"Look at what you bring to the world, not what you lack." - Miranda Kate

Monday, 28 May 2018

Trust issues: how to resolve them & be more you


Image showing the silhouette of a willow tree with the sun behind it, with text: Trust that the sun will rise, Trust that you will stand strong, Trust yourselfDo you struggle trusting people? 

Are you never sure if they are going to support you?

Do you second guess the decisions you make?

“Trust is earned when actions meet words.”- Chris Butler

I’ve spent a lot of my life being unsure about the people around me. I want to trust them but I don’t know if I can. I pledge myself: my loyalty, my time, my care, my interest, but time and again I am let down, disappointed and hurt.

For me it started within my own family, first with my mother and then with my sister. Being family I automatically trusted them to love me, to care about me, be there for me and be supportive of me. And when their actions and their words said otherwise, I believed that it was my fault, that I was doing something wrong. So I’d remain open and trusting, leaving myself open to more abuse, allowing the cycle to repeat itself. 

I knew with my mother early on that it was her and not something I was doing, so I took steps to limit the contact I had with her once I left home, reducing the toxic effect on my mental and emotional health. I did, however, have moments where I thought it was safe to ‘let her in again’ only to find that I was mistaken. By the time I started my own family I had learnt to keep a tight control on how much I interacted with her, and still do to this day.

With my sister it took many more years to realise the extent to which my trust was being abused. My sister had been someone I could turn to about my mother, but I realised that although she showed me one face, she showed another to my family, telling them private things I had trusted her with, as well as claiming I had done things I hadn’t. When I refused to continue tolerating this, it created two large show downs over a span of five years, and sadly resulted in a complete disconnect, which remains to this day. 

“The only way to win with a toxic person is not to play.” - Unknown

Looking back, I realise that the abuse of my trust and the self-blame I put myself through has been going on since I was a young child. It affected my ability to form and create lasting relationships and friendships. It caused me to second guess everyone around me, breaking off perfectly good friendships and in some cases withdrawing entirely, especially from social interaction. 

I reached a point where I knew it had to change. I couldn’t continue to live in isolation, emotionally and physically. So I asked myself, how can I change this? How can I start trusting and being open again? 

I understood the reasons behind my problem, but I needed to heal from the trauma of it. I had taken the first step by removing the people who were toxic to me, but how did I risk exposing myself to other people who could be potentially toxic too?

I found the answer in the dictionary:

Trust: firm belief in the reliability, truth or ability of someone or something. 
Synonyms: confidence, faith, belief, sureness.

And the person I had to have confidence, faith, belief, and sureness in was myself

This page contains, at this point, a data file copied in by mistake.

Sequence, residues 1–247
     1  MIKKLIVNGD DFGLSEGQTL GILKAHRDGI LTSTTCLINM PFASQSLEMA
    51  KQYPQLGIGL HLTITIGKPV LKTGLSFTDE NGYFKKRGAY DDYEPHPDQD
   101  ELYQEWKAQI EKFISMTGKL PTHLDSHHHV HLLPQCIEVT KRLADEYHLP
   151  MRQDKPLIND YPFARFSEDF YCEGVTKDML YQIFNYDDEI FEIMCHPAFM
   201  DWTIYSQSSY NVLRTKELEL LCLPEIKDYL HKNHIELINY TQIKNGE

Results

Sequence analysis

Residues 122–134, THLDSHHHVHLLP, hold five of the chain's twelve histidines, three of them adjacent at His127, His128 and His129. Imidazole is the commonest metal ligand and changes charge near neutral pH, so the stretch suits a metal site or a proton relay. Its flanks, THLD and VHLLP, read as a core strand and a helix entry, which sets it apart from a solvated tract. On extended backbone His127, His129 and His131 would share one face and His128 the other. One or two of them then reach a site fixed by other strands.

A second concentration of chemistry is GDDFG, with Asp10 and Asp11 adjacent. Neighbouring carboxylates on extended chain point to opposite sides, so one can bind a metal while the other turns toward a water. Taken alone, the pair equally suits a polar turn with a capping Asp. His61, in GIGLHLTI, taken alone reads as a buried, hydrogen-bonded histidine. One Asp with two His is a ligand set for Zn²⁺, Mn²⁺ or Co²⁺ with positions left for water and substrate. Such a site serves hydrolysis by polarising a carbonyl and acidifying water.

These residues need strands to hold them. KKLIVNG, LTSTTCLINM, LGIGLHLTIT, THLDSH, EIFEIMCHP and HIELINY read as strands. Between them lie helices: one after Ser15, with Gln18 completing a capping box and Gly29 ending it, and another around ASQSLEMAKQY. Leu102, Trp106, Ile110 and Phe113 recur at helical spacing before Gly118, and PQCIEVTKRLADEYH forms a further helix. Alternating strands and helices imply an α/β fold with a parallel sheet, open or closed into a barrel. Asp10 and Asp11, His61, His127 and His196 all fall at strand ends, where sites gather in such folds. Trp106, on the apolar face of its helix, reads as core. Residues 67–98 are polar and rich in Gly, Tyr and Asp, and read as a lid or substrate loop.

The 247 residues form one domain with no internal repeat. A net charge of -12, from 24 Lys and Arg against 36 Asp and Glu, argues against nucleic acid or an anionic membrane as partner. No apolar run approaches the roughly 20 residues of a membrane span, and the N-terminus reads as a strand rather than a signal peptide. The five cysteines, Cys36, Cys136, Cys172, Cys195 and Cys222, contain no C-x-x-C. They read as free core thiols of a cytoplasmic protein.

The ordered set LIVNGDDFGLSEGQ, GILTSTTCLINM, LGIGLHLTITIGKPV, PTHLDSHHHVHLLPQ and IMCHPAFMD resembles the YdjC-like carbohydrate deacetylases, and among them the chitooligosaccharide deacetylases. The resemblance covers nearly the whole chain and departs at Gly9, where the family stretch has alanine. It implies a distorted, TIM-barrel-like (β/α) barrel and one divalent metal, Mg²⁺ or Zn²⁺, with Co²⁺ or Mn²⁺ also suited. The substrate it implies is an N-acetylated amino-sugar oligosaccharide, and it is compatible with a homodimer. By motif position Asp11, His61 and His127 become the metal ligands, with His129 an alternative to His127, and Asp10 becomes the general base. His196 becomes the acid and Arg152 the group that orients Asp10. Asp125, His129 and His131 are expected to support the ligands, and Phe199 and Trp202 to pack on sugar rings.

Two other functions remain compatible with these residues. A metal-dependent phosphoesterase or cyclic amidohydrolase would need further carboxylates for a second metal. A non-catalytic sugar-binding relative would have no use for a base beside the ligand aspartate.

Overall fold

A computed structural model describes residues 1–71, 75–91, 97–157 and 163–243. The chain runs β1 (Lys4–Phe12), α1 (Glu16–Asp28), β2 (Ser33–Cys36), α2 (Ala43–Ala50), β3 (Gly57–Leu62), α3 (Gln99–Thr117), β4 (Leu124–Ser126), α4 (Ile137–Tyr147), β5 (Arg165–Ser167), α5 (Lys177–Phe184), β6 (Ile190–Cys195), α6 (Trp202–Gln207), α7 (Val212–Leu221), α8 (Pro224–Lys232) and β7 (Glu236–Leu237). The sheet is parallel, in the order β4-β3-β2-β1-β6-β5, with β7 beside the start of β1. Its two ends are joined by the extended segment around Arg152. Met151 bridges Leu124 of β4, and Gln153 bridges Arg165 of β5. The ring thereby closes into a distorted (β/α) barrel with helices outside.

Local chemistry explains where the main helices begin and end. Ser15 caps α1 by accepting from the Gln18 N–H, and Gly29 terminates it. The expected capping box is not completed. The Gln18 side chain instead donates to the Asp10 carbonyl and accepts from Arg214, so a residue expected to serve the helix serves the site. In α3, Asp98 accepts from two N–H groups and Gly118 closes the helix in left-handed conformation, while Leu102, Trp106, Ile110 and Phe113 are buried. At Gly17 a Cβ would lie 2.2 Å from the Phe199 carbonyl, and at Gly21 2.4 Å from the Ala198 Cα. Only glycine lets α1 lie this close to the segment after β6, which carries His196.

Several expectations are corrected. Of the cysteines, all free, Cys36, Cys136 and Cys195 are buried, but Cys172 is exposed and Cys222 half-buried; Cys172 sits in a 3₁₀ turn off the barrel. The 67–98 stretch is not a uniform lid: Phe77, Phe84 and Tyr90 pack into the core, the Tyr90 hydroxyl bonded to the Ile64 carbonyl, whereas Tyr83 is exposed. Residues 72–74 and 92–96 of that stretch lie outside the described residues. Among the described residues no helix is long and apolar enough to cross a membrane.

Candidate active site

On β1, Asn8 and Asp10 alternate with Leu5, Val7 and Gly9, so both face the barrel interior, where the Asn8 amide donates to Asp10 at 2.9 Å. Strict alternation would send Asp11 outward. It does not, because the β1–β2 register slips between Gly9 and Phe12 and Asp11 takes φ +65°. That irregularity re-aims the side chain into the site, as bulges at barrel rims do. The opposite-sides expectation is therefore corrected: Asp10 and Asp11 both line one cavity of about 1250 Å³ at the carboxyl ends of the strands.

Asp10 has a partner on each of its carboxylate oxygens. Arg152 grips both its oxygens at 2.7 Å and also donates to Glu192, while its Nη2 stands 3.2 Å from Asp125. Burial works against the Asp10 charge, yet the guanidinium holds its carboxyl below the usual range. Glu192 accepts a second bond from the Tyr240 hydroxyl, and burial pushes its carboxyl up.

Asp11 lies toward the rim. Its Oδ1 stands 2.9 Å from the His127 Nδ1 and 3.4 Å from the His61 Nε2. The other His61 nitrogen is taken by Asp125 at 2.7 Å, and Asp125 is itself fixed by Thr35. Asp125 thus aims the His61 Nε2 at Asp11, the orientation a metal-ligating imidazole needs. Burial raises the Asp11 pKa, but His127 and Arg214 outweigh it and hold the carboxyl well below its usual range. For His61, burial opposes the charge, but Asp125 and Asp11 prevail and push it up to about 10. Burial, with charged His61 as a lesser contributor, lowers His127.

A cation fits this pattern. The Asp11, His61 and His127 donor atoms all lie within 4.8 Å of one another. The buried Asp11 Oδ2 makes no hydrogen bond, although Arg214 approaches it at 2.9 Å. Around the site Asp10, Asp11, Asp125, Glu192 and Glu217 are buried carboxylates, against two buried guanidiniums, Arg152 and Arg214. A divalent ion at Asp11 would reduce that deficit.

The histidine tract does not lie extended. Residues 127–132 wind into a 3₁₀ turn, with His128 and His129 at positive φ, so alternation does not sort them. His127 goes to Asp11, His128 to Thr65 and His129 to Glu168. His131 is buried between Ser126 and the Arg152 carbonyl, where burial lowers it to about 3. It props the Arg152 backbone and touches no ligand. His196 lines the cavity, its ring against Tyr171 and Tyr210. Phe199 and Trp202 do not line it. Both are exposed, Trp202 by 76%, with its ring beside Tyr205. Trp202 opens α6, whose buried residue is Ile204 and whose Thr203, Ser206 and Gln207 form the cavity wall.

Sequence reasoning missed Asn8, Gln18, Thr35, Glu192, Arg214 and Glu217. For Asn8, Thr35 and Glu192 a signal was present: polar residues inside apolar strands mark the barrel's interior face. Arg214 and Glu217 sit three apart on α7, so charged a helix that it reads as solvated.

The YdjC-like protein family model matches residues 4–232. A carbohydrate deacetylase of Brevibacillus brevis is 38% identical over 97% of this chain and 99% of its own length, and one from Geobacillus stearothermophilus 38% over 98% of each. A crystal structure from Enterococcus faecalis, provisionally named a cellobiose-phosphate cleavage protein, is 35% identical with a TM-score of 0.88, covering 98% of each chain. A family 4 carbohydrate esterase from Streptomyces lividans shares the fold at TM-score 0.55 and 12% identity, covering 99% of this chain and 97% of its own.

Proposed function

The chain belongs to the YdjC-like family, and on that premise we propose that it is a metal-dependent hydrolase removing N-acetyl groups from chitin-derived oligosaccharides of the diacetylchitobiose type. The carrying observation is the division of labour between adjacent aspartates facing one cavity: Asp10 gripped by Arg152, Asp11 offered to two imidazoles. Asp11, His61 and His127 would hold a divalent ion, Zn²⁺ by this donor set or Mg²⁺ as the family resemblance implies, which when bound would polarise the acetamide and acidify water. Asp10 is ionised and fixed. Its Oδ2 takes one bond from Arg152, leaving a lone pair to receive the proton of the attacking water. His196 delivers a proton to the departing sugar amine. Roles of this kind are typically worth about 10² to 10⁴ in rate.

“Trust yourself, you know more than you think you do.”- Benjamin Spook

I realised that trust is like seeking approval: you can seek it externally but only once you give it to yourself will you start to live the life you are looking for. 

If I started to trust myself and be sure of myself, then it didn’t matter what the people around me said or did, I knew I was there to support me and care about me. If they wanted to as well, great, but I no longer needed to worry about trusting them, because I could trust myself.

But how do you start going about doing that? 

It starts by listening to yourself: hearing how you feel about something, hearing what you believe about it, and being honest with yourself. 

“Listen to your own voice, your own soul. Too many people listen to the noise of the world, instead of themselves.” – Leon Brown

I don’t mean listening to the chatter of negative thoughts in your head, I mean listening to your heart. 

Be still with yourself a moment and ask: 

How do you feel about you?
What do you want to do with your life?
Who do you want to be?
Who do you really believe you are?
What are the things you love?
What are the things you hate? 


Listen to the answers.

All of us have an inner child:  a version of ourselves inside that still feels as we did when we were a child. Sometimes that child still feels sad or upset or disappointed by life and people. We need to nurture that child within, comfort them, and love them. Listen to their feelings, believe and trust them. Because that child is us. 

“Can you remember who you were before the world told you who you should be?” – Danielle LaPorte

I then understood that the inner peace and calm I was looking for came from connecting to my feelings: listening and believing them. Being honest with myself meant that I could trust myself to live my truth. I no longer second guessed myself and thus the people around me. I knew who I was. I no longer had a desire to alter myself to suit others: if they weren’t happy with who I was then they didn’t need to be in my life. 

And as an added bonus, as a result of trusting myself, I gained a sense of security within myself, of self-assurance and self-belief, and the feeling that I was OK, so everything around me was OK. 

Why don’t you try it? Surely no one is more deserving of your trust than you. 

"The more you trust your intuition, the more empowered you become, the stronger you become, and the happier you become." - Gisele Bundchen


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